In 2020 and beyond, concern for a healthy living environment and a dedication to its care will be more the norm than a trend. With engineers and designers rethinking the way they build in the face of climate change, the attention will be on eco-friendly materials and designs, energy efficiency, using fewer resources and tighter, higher-insulated buildings.

We will see more buildings and homes in tune with nature and yet open to smart technology for greater energy efficiency. New advancements in technology are allowing more people to build and live in “zero energy” homes – which combines more thoughtful home design and superior building systems with energy efficiency and alternative energy sources, such as solar panels.

Leading the pack is California, which will start requiring all new builds – single-family homes and multi-family residences – to include solar panels. With this move California is expected to add 100,000 a year of zero net energy homes to the current U.S. total of about 5,000 zero net energy single-family homes.

There’s no looking back. Zero net energy homes are here to stay!


Tangled (2010)

Tangled (2010)  : It took Walt Disney Animation Studios 50 movies before it finally brought the Grimms’ fairy tale, Rapunzel, to life. While this 2010 version is also about a young girl with magnificently long golden hair held captive in a tower by an evil sorceress, there’s a lot of differences from the original 19th century story. For one, this spunkier Rapunzel (voiced by Mandy Moore) is a princess who falls in love with the thief Flynn Rider, instead of a peasant girl who is rescued by a prince. And while Rapunzel’s hair has supernatural healing properties in this telling, the most magical part of this movie is the extraordinary animation in the lantern scene.

Designer’s Vibrant Rental Revamp

art finds its way into the monochrome kitchen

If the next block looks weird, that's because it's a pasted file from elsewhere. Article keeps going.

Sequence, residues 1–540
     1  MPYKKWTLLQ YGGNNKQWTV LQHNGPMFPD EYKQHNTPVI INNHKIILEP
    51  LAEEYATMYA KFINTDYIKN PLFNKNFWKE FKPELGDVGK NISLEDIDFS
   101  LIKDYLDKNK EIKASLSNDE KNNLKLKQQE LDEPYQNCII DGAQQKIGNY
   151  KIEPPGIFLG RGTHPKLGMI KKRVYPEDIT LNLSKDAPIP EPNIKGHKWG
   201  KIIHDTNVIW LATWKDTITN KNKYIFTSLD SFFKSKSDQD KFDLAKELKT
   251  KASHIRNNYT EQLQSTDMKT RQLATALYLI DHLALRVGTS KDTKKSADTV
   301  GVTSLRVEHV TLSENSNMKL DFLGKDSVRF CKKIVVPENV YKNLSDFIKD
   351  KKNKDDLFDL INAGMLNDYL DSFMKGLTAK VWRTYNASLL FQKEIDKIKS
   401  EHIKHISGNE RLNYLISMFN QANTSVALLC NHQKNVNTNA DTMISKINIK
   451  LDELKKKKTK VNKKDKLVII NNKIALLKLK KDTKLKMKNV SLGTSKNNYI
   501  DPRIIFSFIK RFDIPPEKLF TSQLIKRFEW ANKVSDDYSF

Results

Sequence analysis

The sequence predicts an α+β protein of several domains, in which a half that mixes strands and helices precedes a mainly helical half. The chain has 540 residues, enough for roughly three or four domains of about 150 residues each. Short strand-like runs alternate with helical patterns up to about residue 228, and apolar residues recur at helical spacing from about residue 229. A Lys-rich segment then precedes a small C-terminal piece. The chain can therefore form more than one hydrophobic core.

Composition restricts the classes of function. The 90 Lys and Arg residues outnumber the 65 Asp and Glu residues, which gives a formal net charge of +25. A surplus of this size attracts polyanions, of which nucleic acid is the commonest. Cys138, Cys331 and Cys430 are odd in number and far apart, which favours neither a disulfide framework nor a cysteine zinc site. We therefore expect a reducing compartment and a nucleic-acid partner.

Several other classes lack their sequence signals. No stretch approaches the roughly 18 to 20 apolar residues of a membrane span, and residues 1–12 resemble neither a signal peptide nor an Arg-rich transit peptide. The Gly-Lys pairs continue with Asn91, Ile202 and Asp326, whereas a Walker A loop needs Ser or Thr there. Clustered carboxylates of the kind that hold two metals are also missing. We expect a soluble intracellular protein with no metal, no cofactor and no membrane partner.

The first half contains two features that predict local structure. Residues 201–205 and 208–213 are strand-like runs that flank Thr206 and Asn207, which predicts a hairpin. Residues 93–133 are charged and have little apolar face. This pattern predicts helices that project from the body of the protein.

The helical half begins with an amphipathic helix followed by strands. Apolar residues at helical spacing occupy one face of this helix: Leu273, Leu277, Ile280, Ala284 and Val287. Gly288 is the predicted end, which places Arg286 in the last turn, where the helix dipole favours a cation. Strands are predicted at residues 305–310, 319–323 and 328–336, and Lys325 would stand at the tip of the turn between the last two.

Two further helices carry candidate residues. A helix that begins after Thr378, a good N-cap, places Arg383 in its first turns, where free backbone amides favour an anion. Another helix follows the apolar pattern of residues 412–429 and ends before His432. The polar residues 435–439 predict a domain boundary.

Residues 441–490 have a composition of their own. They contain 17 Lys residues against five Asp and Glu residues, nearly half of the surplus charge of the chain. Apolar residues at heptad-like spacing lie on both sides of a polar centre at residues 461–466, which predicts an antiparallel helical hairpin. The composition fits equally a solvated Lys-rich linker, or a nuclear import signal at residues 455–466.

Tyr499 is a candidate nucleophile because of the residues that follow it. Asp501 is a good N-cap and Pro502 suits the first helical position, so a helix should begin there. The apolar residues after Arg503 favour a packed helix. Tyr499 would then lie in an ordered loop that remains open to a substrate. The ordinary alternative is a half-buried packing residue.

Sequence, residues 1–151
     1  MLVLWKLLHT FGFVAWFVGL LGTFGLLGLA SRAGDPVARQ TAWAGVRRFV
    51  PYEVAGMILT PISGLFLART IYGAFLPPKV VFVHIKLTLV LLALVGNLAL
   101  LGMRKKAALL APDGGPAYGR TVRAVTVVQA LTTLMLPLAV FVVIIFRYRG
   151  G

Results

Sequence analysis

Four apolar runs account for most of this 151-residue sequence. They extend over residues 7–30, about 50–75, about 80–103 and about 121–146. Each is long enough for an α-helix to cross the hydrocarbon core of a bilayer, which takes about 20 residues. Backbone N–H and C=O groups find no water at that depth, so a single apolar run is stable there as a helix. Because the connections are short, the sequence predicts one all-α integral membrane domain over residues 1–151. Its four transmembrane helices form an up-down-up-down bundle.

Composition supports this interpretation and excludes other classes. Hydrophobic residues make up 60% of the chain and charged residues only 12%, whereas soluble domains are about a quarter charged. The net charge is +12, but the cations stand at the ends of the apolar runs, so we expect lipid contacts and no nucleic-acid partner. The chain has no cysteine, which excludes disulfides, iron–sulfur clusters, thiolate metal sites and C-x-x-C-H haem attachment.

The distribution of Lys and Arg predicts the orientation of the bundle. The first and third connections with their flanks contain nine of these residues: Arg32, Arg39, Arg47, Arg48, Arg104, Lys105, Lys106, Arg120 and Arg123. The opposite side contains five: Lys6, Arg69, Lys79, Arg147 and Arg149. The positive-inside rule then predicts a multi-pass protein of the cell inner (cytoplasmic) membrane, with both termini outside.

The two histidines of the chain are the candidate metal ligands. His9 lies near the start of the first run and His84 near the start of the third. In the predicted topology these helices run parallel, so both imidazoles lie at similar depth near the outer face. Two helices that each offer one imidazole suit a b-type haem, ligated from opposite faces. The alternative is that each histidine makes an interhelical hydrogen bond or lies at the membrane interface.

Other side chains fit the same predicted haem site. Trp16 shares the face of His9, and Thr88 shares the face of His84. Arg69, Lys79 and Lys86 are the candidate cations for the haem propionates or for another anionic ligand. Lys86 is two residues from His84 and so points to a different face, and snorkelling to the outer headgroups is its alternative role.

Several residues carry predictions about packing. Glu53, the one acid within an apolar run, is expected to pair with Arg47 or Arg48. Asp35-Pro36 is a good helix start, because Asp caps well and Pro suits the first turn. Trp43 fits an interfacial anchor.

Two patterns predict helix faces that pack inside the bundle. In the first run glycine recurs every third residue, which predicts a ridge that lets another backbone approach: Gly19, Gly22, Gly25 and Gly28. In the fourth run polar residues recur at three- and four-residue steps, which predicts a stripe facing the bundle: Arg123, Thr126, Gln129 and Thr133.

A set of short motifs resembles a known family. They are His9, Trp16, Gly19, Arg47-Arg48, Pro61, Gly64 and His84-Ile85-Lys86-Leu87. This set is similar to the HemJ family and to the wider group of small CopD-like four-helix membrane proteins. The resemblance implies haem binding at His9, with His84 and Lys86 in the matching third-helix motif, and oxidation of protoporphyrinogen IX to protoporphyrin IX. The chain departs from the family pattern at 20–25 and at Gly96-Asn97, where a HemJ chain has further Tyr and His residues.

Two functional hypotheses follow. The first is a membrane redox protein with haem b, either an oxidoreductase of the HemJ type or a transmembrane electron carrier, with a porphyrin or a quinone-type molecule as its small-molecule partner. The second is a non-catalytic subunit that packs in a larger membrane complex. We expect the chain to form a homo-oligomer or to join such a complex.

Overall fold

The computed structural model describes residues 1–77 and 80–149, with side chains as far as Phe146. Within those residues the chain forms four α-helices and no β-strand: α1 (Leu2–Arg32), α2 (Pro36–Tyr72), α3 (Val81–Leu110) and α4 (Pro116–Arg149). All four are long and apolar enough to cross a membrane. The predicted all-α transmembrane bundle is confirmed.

Serhat created a chic galley kitchen by cleverly covering the old cabinetry with modern white handleless doors and adding a sleek black granite worktop and dark gray floor tiles. In response to the dated 1980s pastel-hued tiled ensuite in the main bedroom, he introduced cool tones of white Calacatta marble and installed a glass shower and vanity unit. A gold pineapple-shaped custom-made mirror he designed is a whimsical contrast to the minimalist accents.

His inventive flair for mixing and matching art, unique antiquities, and design classics spans eras, with a play on balance, form, and function. “I find things on my travels, and at flea markets and through vintage dealers,” Serhat explains. “I have a curiosity for design and I never buy pieces with a plan on where to put them in my apartment or to match them with the wall color. I don’t want it to look like a showroom, I just buy what I love, but I rearrange things constantly,” he says with a laugh.

Serhat’s loves include Jean-Michel Basquiat– and Edvard Munch–inspired paintings by Cuban artist CB Hoyo in the living area and office, and a trio of abstract drawings by French designer Ronan Bouroullec that brightly punctuate the wall of the monochromatic kitchen. Shape and surface are constant themes in his treasured furniture collection as well: the Art Deco–style curves of Autoban’s Union sofa in the living area, the flute-like base of Eero Saarinen’s Knoll Tulip chair, the splayed metal legs of Jean Prouvé’s Compass Desk in his office. Stealing the show are the much-coveted V-leg Pierre Jeanneret Chandigarh chair in his bedroom and a set of Marcel Breuer Cesca chairs flanking the dining table. In one corner a Roger Capron midcentury ceramic coffee table decorated with Fornasetti candles evokes the ’70s, while in another, the L-shaped seat of Jonathan Adler’s St. Germain Club chair pitched on two steel orbs gracefully fuses Japanese-meets-Scandi modernism.